Friday, January 1, 2016

PCB For Polysix OTA Overdrive

Before today, I had made exactly one PCB.  It was a very simple design, yet it was still a painful experience.  I am not an expert -- that's for sure.  Yet, here I'm going to give it another go.  I'm going to dive in and design myself a custom circuit board.  This PCB is going to host my OTA Overdrive Mod for my Korg Polysix.  It'll contain an Arduino-controlled digipot, including my own Arduino as part of the same PCB.  Given my inexperience, this is pretty bold stuff.  I'm nervous and I'm excited.  Can I make it work?

Here's the PCB design that I made using Fritzing.  It's only a two layer board, but it looks awfully complicated for a newbie such as myself.  Does it have any chance of working?

Laying the Groundwork:  Over the last several posts, I've been figuring out most of the elements of this modification, including the digipot and the Arduino.  I know that I want to put all of those elements onto one board and fit it inside my Polysix.  My biggest remaining unknown is how to physically attach my components to the Polysix's circuitry.

Use One of the Built-In DIP Sockets:  A good trick is to re-use one of the DIP sockets that a used throughout the Polysix circuitry.  This is the same trick that I used when installing my mod to add velocity sensitivity to my Polysix.  For this OTA Overdrive Mod, I'm going to use the DIP socket that the OTA itself lives in (ie, IC20 on the KLM-368 "Effects" PCB).

DIP Socket and DIP Connector:  As shown in the picture below, I'm going to pull IC20 out of its DIP socket and I'm going to insert a pinned DIP-style connector in its place.  My PCB will solder to this pinned connector.  To reconnect IC20 into the circuit, my PCB will include its own DIP socket (and associated wiring).  My PCB will include the wiring to connect IC20 back into the Polysix's circuitry via the pinned connector.

I'm going to attach my PCB via the DIP socket for IC20.  It's great that the Polysix came with so many socketed ICs to enable this kind of hack.

Circuit Block Diagram:  Before diving into PCB design, it's important that I understand what it is that I want to do.  The block diagram below shows my overall approach for this PCB.  It shows the DIP connector and DIP socket, it shows the digipot that controls the overdrive, and it shows the Arduino-style microcontroller that controls the digipot.  It also shows the headers that I'll used to program the Arduino ("ICSP" and "FTDI") as well as a bunch of pins and headers that'll let me be flexible in how I choose to connect the various audio and synth control signals that I might wish to manipulate.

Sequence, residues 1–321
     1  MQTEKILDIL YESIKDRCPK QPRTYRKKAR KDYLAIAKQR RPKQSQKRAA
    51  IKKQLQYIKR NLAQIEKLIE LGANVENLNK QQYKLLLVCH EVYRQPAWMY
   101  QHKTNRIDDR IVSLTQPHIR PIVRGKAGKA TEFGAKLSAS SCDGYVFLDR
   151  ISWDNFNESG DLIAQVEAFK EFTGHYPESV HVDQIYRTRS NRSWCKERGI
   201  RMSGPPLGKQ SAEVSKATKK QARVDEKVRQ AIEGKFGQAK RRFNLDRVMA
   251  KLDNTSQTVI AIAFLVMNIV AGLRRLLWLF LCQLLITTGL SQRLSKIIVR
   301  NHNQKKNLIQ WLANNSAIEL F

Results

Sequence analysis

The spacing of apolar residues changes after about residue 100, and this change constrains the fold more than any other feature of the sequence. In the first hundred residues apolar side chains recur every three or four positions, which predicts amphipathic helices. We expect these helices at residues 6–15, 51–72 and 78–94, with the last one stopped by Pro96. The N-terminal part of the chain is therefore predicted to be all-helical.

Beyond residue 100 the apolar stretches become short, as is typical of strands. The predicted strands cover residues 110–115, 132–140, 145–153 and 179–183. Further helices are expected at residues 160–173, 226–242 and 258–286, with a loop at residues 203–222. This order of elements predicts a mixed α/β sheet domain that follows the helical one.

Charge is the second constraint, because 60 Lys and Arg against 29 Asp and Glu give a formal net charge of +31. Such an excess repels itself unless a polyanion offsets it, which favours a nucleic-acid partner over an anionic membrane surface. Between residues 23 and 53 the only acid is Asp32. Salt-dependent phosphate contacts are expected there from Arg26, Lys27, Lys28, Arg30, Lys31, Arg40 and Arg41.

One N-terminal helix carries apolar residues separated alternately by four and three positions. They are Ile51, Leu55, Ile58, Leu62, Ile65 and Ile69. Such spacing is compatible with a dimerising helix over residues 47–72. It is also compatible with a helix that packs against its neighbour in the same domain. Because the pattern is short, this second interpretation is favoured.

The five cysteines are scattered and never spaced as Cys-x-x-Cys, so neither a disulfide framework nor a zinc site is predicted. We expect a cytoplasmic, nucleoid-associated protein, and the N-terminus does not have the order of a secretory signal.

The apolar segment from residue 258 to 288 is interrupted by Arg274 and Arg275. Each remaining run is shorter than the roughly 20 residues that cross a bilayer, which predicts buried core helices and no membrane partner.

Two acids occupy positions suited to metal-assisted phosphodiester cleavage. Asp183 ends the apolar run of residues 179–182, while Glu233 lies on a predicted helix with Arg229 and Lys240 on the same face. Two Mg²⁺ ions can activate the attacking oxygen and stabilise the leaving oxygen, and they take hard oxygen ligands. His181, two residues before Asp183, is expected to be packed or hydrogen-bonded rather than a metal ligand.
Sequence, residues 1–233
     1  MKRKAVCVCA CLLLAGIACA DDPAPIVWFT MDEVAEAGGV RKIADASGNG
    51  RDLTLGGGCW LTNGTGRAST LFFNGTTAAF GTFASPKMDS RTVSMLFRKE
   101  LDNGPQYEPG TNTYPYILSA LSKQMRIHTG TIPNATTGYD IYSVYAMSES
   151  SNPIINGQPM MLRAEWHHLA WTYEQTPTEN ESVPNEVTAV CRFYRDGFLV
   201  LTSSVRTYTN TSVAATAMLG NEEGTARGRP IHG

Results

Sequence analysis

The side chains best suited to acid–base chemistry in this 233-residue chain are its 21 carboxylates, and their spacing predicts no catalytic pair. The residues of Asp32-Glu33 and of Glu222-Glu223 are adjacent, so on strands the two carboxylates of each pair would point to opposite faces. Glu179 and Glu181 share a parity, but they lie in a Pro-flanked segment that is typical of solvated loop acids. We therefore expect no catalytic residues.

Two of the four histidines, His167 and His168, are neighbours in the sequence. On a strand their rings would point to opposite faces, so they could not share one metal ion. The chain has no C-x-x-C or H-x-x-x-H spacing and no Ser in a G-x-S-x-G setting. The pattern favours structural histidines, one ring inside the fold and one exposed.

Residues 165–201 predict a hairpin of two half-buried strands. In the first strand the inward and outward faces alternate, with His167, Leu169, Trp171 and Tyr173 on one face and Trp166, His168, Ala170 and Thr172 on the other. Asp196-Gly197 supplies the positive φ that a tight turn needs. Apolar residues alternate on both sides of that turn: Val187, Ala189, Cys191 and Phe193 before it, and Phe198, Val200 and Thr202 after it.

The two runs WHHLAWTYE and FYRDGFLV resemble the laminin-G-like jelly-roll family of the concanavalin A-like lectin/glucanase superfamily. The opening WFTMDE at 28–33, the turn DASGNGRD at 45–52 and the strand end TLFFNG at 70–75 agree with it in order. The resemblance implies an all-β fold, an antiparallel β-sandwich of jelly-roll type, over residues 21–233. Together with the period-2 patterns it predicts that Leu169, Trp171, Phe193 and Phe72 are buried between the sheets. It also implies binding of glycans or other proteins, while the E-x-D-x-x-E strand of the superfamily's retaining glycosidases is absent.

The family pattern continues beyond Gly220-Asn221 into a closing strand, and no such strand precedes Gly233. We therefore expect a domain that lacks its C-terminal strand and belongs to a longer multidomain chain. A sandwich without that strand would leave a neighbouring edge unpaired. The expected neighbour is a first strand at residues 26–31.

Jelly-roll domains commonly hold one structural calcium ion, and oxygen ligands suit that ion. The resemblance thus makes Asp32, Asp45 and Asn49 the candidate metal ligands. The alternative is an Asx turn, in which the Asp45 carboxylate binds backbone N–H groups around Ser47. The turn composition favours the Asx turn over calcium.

Here's a block diagram of what I'm hoping to build.  I want to include lots of pin headers so that I have plenty of flexibility for modifying my own circuit once it's built.

Which PCB Layout Software?  In my previous attempt at a PCB design, I used CadSoft Eagle This is the PCB layout software common throughout the Maker community, probably because there is a free version that is pretty capable.  Both Sparkfun and Adafruit seem to think that it's a good choice for their open source designs.  I didn't like it, though.  I thought that it was hard to learn and didn't promote self-discovery.  I felt like trying a new tool instead.  I almost went for a cloud-based software tool like Autodesk's 123D Circuits, but at the last moment I ended up downloading and trying Fritzing.  I found Fritzing to be very approachable, and unlike 123D Circuits, it's been around long enough for the forums to have a good number of threads for me to learn from.

To layout my PCB, I tried Fritzing.  It seemed much more approachable than CadSoft Eagle.

Parts then Schematic then PCB:  One should only start a PCB design when you already have a good idea about what you want to build.  That's why I started with the block diagram shown earlier and that's why I spent so much time breadboarding the key elements of my circuit in previous posts.  Once you know what elements are going to be in your circuit, only then should you start with the PCB design software.  PCB design software generally follows a three-step process: (1) choose the parts for your design, (2) draw your schematic using your parts, (3) layout your PCB based on your schematic.  OK, here we go...

Step 1A: Choosing my Parts.  Looking back at my block diagram, my major parts are the LM13600 OTA, the AD5262 dual digipot, and the ATMega 328P microcontroller.  For minor parts, there will be a bunch of resistors and capacitors, some pin headers, and an oscillator/clock for the microcontroller.  Fritzing is already well stocked with parts for me to use for these minor components.  So, it's the major components that I need to focus on.  Lucikly, Fritzing already has the version of the ATMega 328P that I want to use (the surface mount TQFP package).  What Fritzing doesn't have is the LM13600 OTA or the AD5262 digipot.  I needed to make these two parts myself.